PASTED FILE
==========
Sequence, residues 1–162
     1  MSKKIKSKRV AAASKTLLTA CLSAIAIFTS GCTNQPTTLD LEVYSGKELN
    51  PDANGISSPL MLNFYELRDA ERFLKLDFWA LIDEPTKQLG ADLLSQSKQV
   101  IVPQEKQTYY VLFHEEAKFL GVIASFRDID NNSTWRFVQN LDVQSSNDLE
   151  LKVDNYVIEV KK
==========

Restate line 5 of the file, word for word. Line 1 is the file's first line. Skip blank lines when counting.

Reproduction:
   151  LKVDNYVIEV KK